As recently as 2009, the world faced an influenza pandemic caused by what was, fortunately, a mild strain of influenza virus. By the time a vaccine was available specific to the strain, the flu had already spread to every continent, and was past its peak in North America. Had this strain of the influenza virus been severe, the outcome could have been catastrophic, mimicking the great pandemic of 1918.
Science is now poised to change all that. In the not-too-distant future, we predict that researchers will be able to harness the human immune system to prevent and control disease in ways previously considered unimaginable: one-shot vaccines that offer lifelong protection in everyone; a universal influenza vaccine that protects against seasonal and pandemic outbreaks of flu; vaccines against currently intractable infectious diseases; and, one day, vaccines against noninfectious chronic diseases, everything from cancer to heart disease and Alzheimer’s disease.
Decoding the human immune system holds the key to the development of such new and improved vaccines. Deciphering the human immunome, the universal and common elements of the B and T cell receptors that make up the adaptive immune system, will facilitate germline targeting and structure-assisted vaccine discovery. Understanding the mechanisms for protective immunity will enable rational vaccine design aimed at specifically inducing such immune effector mechanisms.
This is finally possible because of the convergence of technological advances across biomedical, computer, and engineering sciences, including the enhancement of artificial intelligence and machine learning capabilities to analyze and interpret unprecedented quantities of data. In the same way that the Human Genome Project transformed biomedical research and enabled the genesis of personalized medicine, and the Hubble Telescope transformed planetary sciences and our understanding of the universe, decoding the human immune system has the potential to revolutionize 21st century global health, ushering in new advances in diagnostics, vaccines and therapeutics.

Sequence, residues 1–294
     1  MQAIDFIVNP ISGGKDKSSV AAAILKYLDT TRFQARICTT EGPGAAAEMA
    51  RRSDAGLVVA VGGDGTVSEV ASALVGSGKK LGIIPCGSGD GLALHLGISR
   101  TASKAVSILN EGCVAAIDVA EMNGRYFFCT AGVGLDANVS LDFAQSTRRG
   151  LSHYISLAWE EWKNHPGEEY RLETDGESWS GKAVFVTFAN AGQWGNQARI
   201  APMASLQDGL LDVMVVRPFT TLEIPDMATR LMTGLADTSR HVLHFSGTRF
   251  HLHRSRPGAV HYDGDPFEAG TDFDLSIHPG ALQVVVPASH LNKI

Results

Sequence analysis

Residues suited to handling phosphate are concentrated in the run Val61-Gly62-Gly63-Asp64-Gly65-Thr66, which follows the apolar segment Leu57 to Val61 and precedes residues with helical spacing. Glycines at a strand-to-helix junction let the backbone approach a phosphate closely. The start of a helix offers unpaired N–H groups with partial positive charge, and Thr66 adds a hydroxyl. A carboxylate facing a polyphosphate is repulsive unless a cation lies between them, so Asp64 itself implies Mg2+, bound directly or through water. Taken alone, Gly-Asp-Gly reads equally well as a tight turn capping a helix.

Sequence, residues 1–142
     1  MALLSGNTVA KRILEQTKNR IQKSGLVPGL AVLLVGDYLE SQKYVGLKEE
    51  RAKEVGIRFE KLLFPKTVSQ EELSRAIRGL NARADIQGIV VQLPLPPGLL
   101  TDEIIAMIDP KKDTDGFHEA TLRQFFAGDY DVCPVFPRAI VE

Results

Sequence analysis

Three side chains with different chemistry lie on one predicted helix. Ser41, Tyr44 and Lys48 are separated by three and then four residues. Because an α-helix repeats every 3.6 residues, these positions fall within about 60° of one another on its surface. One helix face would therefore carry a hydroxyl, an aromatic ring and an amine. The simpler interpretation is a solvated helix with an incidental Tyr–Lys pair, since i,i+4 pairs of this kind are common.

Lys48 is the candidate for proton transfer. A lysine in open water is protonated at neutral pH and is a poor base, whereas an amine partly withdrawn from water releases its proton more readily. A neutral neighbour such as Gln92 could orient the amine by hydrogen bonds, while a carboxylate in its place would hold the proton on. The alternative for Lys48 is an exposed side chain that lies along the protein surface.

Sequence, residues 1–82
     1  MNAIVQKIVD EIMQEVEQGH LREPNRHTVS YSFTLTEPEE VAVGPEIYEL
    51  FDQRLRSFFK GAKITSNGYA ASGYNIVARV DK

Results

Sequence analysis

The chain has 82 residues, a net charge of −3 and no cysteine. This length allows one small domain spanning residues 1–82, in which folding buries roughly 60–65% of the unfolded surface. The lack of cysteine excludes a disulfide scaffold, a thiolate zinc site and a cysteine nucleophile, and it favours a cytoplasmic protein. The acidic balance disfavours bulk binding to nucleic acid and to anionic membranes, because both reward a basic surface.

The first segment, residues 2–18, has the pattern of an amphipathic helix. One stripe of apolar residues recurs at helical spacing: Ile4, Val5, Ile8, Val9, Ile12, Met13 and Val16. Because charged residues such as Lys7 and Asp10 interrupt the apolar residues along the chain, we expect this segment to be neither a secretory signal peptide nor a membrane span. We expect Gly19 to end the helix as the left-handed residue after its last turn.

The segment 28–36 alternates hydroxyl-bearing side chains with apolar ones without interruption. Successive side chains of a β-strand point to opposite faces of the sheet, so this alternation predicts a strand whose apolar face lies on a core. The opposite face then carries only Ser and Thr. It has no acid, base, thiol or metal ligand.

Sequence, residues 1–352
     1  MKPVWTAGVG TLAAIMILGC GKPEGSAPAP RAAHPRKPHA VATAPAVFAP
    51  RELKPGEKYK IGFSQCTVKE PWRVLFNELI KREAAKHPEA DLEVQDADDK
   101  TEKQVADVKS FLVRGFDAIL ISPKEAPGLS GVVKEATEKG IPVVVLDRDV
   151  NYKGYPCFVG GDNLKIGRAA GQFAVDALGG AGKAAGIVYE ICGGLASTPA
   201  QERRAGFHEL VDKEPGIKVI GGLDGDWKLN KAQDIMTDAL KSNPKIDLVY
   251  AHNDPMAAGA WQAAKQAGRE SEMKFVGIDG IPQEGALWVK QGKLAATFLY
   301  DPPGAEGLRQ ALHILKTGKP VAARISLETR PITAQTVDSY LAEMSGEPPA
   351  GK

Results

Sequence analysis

It won’t be cheap, and it won’t be easy. Decoding the human immune system will take a decade of research and cost more than $1 billion. It will require innovative public-private partnerships working collectively to decipher the common components and rules of human immunity. But the return on investment — a blueprint for how the immune system fights disease — will be extraordinary and applicable to all facets of human health.
Deciphering how the human immune system combats disease is one of the greatest frontiers of science, and is now within reach. If society grasps this unprecedented opportunity, commits resources to it, and facilitates creative new models for working together across multiple scientific disciplines, we can not only eliminate the threat of pandemic influenza but reshape how we approach all life-threatening diseases.
Wayne C. Koff is president and CEO of the Human Vaccines Project in New York. Peter C. Doherty is a Nobel Laureate professor of microbiology and immunology at the University of Melbourne. Margaret A. Hamburg is the foreign secretary of the National Academy of Medicine in Washington, D.C., and a former FDA commissioner.